Rhonda probably thought I would be interested that these two composers, Rheinberger and Reger, had done versions of the Goldberg. These two guys are composers organists tend to know and sometimes perform so it is interesting.

She also was kind enough to give me a score of the piece, “Measuring What is Holy Across Time and Space” by Lee R. Kesselman. She recently participated in a performance of this piece. She even invited Eileen and me to attend and offered free comp tickets.

I passed on this. Even now I am putting off looking at the score of another sacred composition for the time being. I am, of course, grateful that Rhonda gave me the opportunity to hear a performance of it live. But as it turns out, even if I had the stamina to go hear it done by our local community chorus, I was ill.

I will check out the music later when my strength for things Christian and academic return.

The History of the Cyrillic Alphabet

In the meantime, I noticed something yesterday watching a Vice News report, The Pro Kremlin Youth Group: Putin’s Propaganda Machine Part i. The Cyrillic alphabet used in Russian appears related to the Greek Alphabet. The first two letters in Putin’s name in Cyrillic are identical to the Greek letters Pi and Upsilon.

Greek, Roman and Cyrillic Alphabet

So in one fell swoop, I began to see Cyrillic differently recognizing at least some of the previously impenetrable alphabet. How bout that?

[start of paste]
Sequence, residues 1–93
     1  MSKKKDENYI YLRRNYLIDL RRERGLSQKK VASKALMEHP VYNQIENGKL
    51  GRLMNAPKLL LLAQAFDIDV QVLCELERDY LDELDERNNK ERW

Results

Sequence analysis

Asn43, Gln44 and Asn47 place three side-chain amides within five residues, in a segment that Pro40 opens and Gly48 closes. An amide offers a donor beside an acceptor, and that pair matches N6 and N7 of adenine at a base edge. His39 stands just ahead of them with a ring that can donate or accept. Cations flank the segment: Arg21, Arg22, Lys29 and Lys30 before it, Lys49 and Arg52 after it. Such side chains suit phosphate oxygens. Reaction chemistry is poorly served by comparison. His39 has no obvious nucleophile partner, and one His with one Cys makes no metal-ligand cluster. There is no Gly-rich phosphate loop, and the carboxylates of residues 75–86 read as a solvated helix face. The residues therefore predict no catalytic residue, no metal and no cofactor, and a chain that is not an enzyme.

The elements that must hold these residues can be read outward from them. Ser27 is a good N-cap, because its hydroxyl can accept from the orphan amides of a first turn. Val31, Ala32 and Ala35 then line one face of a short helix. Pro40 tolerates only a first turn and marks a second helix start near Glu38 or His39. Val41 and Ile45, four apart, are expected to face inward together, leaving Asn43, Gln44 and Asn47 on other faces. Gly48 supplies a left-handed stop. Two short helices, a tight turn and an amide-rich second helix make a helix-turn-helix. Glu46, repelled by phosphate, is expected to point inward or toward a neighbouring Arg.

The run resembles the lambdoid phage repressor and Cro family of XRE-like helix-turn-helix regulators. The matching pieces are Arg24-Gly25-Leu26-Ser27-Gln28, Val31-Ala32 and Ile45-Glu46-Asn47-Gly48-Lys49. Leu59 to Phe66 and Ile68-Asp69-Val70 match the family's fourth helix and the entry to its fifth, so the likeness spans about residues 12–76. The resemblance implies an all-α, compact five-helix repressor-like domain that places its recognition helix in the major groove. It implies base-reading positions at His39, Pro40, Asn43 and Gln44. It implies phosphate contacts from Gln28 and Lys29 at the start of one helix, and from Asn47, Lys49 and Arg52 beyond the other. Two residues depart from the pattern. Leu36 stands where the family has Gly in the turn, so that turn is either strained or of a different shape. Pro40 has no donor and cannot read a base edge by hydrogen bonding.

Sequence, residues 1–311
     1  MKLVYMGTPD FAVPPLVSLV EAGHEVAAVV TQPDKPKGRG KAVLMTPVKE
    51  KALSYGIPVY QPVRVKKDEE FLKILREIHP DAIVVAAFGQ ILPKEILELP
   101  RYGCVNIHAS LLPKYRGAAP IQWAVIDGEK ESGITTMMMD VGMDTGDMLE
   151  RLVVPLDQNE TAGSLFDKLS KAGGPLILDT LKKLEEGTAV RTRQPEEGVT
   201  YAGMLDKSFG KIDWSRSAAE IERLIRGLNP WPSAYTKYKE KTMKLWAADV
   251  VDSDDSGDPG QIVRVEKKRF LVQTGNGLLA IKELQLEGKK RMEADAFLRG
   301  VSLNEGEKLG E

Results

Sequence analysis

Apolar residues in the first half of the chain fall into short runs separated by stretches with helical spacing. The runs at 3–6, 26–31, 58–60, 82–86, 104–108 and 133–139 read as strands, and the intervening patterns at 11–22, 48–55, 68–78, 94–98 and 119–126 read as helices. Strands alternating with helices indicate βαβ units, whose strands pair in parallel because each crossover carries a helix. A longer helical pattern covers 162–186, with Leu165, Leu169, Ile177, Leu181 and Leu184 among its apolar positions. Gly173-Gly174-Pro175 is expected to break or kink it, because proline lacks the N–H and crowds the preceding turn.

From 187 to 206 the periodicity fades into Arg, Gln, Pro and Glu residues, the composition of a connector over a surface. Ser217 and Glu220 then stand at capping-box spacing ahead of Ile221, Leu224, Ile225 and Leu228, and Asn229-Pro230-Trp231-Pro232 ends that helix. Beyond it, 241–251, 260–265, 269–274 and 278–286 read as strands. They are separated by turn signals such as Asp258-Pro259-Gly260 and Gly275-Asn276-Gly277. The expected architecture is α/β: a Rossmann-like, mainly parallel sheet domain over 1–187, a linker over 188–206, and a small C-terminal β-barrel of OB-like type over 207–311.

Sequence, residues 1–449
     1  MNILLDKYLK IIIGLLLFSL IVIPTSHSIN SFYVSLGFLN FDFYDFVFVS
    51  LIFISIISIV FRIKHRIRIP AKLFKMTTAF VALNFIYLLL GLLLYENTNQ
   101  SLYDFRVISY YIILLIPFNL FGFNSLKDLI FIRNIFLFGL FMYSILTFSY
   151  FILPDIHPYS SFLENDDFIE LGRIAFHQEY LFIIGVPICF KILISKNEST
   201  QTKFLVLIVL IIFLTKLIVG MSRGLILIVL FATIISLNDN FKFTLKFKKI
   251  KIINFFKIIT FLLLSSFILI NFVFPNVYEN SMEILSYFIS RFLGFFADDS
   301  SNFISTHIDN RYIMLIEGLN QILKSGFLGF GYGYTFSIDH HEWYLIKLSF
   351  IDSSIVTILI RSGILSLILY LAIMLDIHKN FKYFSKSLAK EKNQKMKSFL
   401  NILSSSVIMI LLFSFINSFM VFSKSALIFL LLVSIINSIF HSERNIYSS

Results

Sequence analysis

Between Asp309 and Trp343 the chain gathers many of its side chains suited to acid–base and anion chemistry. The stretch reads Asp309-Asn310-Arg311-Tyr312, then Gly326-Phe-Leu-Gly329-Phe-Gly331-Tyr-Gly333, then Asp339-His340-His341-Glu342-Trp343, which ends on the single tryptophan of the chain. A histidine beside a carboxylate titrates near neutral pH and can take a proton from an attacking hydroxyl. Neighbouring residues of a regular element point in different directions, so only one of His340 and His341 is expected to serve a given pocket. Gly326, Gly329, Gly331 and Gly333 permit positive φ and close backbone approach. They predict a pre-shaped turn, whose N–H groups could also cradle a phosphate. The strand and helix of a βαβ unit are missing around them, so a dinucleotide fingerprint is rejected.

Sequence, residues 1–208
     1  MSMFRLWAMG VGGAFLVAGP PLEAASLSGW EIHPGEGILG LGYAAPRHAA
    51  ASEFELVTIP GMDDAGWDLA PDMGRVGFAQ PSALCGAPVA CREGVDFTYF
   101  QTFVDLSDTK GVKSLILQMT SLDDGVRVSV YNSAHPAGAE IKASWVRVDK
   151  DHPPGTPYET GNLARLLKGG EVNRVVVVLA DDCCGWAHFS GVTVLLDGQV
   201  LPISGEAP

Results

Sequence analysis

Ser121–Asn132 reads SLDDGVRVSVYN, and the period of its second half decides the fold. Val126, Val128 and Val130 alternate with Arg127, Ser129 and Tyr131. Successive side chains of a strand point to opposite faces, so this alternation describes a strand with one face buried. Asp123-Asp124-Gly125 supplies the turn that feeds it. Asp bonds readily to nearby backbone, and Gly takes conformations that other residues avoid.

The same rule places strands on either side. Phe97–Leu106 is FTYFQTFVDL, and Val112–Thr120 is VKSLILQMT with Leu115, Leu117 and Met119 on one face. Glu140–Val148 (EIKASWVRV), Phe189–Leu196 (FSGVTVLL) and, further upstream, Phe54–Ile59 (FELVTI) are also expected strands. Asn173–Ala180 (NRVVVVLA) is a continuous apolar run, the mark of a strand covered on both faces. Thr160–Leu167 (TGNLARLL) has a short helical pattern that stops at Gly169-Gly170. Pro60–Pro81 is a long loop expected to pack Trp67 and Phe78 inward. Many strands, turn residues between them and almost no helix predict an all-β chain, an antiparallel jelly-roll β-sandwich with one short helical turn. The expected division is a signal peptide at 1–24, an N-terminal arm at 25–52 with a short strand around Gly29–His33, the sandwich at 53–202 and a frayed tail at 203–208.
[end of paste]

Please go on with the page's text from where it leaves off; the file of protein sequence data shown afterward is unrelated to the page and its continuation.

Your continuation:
‘Maus’ Book About Holocaust Is Removed in Russia –

Getting ready for the celebration of the Russian defeat over Germany, swastikas were to be purged from sight, including those on the cover of the Russian version of Speilegman’s Maus.

The article linked above has a great Russian proverb used regarding booksellers who are hiding the book during this period: “An obliging fool is more dangerous than a foe”

I watched Obama’s statement on the Baltimore turmoil in full here yesterday. I do appreciate being able to hear something like that completely. I felt over all for a politician it was a pretty good statement. I did wince when he used the “thug” language.

There’s One Word We Need to Stop Using When Talking About the Baltimore Riots

I was amused when Kiese Laymon, a writer I admire and am “friends” with on Facebooger, began his Facebooger response with “Fuck Obama!”